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Scientists generate reference genome for the peanut, giving insight into how food crops are domesticated

Scientists at the HudsonAlpha Institute for Biotechnology, along with collaborators at the University of Georgia & USDA Stoneville, have created a reference genome for Arachis hypogaea, the species of peanut that has become an important food crop over the last 9,400 years. Roughly 44-million tons of this peanut are produced annually.

The research was recently published in Nature Genetics. Not only does this published reference sequence make it easier to trace the history of the crop and breed peanuts for desirable traits, it also gives broader insight into the genetic structure of domesticated crops. 

Evidence shows that around 9,400 years ago, people brought one kind of peanut into the territory of another. The two species combined to form A. hypogaea, which is unique in the genus as it includes the chromosomes of both of the parent species. Because it has more than two chromosomes, it is a polyploid, as opposed to most peanuts which only have two chromosomes and are called diploids. Understanding how A. hypogaea became the dominant peanut crop gives insight into the process of successful domestication.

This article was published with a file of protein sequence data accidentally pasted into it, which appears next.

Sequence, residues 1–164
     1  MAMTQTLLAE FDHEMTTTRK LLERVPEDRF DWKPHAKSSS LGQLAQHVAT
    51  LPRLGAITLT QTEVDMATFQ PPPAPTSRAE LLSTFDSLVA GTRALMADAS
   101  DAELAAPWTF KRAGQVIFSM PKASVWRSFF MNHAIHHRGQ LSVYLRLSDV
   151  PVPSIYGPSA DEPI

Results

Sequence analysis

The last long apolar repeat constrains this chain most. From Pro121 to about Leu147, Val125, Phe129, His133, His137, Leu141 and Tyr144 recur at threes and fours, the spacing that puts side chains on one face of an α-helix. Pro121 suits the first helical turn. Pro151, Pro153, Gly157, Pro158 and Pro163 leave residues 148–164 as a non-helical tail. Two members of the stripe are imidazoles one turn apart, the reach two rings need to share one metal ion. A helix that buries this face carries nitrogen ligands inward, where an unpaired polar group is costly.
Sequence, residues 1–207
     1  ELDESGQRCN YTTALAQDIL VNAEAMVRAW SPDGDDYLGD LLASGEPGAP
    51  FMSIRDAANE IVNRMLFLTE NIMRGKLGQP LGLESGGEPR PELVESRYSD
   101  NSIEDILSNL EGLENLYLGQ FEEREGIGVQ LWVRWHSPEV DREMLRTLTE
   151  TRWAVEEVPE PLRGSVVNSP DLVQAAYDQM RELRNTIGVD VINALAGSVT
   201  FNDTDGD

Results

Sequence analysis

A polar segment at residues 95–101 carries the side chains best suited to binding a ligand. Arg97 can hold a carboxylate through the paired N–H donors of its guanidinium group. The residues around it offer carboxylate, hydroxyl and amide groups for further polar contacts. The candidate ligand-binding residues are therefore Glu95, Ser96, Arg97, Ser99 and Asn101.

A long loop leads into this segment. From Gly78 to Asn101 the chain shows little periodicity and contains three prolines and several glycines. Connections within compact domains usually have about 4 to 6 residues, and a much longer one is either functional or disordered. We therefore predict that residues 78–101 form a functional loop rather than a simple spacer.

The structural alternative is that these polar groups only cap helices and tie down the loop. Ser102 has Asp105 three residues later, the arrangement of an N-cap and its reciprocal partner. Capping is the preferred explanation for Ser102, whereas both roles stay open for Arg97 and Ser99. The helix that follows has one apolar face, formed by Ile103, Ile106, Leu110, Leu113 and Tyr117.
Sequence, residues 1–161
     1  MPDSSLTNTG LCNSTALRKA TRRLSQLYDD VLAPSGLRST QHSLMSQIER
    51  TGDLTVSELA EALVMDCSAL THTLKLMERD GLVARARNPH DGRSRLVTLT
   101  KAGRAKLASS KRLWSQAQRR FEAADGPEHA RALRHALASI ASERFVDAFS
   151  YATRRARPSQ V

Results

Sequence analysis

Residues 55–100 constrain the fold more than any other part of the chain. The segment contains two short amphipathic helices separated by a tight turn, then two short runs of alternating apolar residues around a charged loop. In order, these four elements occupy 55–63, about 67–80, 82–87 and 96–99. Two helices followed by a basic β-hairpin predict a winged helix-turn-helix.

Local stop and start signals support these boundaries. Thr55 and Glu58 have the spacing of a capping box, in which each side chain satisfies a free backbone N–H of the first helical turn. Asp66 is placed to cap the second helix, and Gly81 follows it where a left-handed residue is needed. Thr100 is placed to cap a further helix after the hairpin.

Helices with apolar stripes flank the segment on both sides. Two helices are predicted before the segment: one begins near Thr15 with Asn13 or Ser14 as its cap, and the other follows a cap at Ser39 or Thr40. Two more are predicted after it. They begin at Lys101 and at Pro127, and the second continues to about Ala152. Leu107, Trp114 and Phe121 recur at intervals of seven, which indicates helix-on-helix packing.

"We didn't just sequence A. hypogaea. We also sequenced the two species that created it," said HudsonAlpha faculty investigator Jeremy Schmutz. "What we found is that A. hypogaea swaps pieces of code between the chromosomes of both of its ancestors. It creates more versatility and diversity for A. hypogaea."

Researchers have long thought that domestications may favor polyploids. Understanding how the polyploid strain of peanuts beat out its diploid relatives to become the dominant domestic food crop gives insight into potential reasons for the disproportionate representation of polyploids as domesticated plants.

More information:
David J. Bertioli et al. The genome sequence of segmental allotetraploid peanut Arachis hypogaea, Nature Genetics (2019). DOI: 10.1038/s41588-019-0405-z

Provided by HudsonAlpha Institute for Biotechnology